On December 25, 2014, Karl and a photojournalist covertly entered an asylum seeker camp on the Pacific Island of Nauru to uncover their stories.

“It was a risky thing to do. Journalists are effectively banned from Nauru so we went as tourists. We were being watched and it felt very dodgy.

We snuck into a camp past a sleeping guard on Christmas night when everyone was distracted. We sat with many, many refugees with the most devastating stories. It was the best thing I’ve ever done, but it was the worst thing I have ever done. It was devastating.

“We were crowded round by refugees trying to communicate with us the trauma they had been through.

“All you can do as a journalist is listen, take in as much as possible and then be responsible to those people in how you convey their stories and by trying to get it out to as many people as possible. It’s a huge responsibility.”

Karl says that for any issue communication is vital.

“People have to know what is going on with something to care about it. They have to be moved and connected to it in some way.

As a journalist, my job is to grab someone and say, ‘I know your time is valuable but this is really important and it's something we can do something about’. It’s about waking people up to solutions.

Karl is an environmental journalist — a choice that was informed by being a Tasmanian.

“I fell in love with the environment and deeply in love with Tasmania. Ever since I was a kid I was talking to people about how beautiful Tasmania was and what my relationship to it was. I wanted to tell those stories, and stories about world environmental issues, in an effective way. I do want to be an agent of change in the world.”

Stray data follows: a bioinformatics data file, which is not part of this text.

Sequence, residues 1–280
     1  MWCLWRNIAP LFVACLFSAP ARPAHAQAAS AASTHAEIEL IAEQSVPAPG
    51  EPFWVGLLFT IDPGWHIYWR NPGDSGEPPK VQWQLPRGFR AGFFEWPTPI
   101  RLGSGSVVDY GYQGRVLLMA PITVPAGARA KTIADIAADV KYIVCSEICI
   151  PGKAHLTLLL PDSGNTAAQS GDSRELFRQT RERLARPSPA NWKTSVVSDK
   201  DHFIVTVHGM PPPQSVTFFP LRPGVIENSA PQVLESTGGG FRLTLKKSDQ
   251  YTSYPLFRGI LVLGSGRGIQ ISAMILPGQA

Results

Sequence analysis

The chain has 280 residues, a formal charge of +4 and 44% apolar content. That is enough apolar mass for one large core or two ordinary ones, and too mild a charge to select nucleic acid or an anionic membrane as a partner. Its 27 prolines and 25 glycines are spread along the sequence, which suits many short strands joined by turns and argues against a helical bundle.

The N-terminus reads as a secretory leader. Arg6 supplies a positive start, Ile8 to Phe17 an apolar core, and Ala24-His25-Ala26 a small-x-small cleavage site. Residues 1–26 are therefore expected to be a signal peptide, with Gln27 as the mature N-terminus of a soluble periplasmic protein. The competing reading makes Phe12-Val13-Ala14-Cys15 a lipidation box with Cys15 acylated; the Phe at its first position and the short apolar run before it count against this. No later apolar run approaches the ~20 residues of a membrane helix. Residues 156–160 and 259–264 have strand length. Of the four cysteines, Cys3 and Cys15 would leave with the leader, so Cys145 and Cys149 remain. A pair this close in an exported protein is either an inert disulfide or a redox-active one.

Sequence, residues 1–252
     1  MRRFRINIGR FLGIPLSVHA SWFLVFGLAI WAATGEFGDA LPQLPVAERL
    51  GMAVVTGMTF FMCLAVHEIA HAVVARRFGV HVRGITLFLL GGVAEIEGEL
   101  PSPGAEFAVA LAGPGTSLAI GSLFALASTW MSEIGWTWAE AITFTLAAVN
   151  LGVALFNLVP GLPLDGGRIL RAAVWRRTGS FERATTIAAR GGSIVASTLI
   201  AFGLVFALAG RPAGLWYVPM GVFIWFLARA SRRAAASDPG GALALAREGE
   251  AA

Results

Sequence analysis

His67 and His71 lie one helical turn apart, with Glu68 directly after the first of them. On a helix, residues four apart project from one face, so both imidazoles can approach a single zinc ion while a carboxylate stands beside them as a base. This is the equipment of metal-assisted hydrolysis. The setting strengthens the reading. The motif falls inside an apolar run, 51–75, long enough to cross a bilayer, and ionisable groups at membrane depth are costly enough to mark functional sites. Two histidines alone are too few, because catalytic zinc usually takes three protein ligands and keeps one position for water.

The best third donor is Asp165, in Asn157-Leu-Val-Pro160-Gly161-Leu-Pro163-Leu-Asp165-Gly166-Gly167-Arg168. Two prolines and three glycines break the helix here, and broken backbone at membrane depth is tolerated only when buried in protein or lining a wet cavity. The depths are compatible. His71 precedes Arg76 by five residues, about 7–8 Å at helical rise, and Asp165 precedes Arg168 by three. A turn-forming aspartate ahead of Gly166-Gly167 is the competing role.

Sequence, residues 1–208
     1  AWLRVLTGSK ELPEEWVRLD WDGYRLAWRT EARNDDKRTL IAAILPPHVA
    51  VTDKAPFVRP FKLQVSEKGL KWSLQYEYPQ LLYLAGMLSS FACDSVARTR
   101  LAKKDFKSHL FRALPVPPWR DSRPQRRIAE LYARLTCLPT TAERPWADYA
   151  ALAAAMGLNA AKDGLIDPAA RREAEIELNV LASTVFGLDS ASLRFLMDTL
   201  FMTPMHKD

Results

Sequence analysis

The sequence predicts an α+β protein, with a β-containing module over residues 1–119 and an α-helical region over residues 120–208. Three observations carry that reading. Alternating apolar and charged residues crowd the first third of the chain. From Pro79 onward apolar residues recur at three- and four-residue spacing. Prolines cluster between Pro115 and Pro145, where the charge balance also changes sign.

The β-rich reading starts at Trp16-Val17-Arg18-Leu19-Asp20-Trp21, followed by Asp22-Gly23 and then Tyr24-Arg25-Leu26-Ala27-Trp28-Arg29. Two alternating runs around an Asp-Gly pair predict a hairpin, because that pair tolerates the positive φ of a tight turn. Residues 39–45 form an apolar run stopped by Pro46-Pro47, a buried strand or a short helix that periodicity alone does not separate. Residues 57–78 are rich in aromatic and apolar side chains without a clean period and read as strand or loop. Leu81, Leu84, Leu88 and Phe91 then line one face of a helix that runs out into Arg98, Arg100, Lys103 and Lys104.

According the Karl, journalists have a huge role as observers.

“Writing about things isn’t the only way to affect change. You can change things just by watching.

Observing is an underrated role that journalists play. The fact that people know you’re watching means they will hopefully do the right thing.

In the pursuit of telling important stories, Karl doesn’t restrict himself to environmental issues alone. He is also passionate about migration – hence his coverage of the Australian immigration system.

“The Guardian trust their journalists, so if you’re working on a story that you believe in, they’ll let you follow it through.

“It is one of the few media organisations that is truly independent. They do some fearless journalism and their readership online is vast, so the stories that you write have a really serious platform. 

“In the end success comes back to the stories that you write and how many people read them.”

In fact, The Guardian has the sixth largest readership of any online media outlet.

It’s so exciting to be a journalist right now. Journalism is not going away, it's just changing. Every moment someone is coming up with a new way of telling stories, and a new way of employing people to do that. When you’re freelancing it’s choose your own adventure.

“I love talking to interesting people who are at the pointy end of decisions. I love meeting people that are inspiring, and people that have lived something that is important. That is the constant joy of journalism.

“I also like the combativeness of it. When someone is doing something that’s not right and I get to call them on it.

“You focus on the story and how you are going to sell it to an editor. If it’s a good story, you’ll sell it.”

Advice to students from Karl Mathiesen

1. This (journalism) is a career that is not laid out. There are many different ways that you can be a journalist and you have to find the things that chime with you.

2. I come back to the things I learned at the University of Tasmania every day — how to write a good intro, how to establish a story in a way that is easy to read. Learning the basics is when you actually learn what journalism is.

3. The access to working journalists who were actually doing it for a living was really important. To get in contact with them, to ask them questions and see what they were up to.

4. UTAS was a great place to explore all types of writing and get a few things out of my system. I was given a lot of latitude, which was good for me. I had some astute teachers who understood me quite well. They let me try new things and punished me in the marking if I got it wrong. They were hard lessons for me at the time, but so good for me now to know where my strengths are.

5. I'd definitely recommend UTAS. I felt very free and supported. It’s got a pioneering feel about it.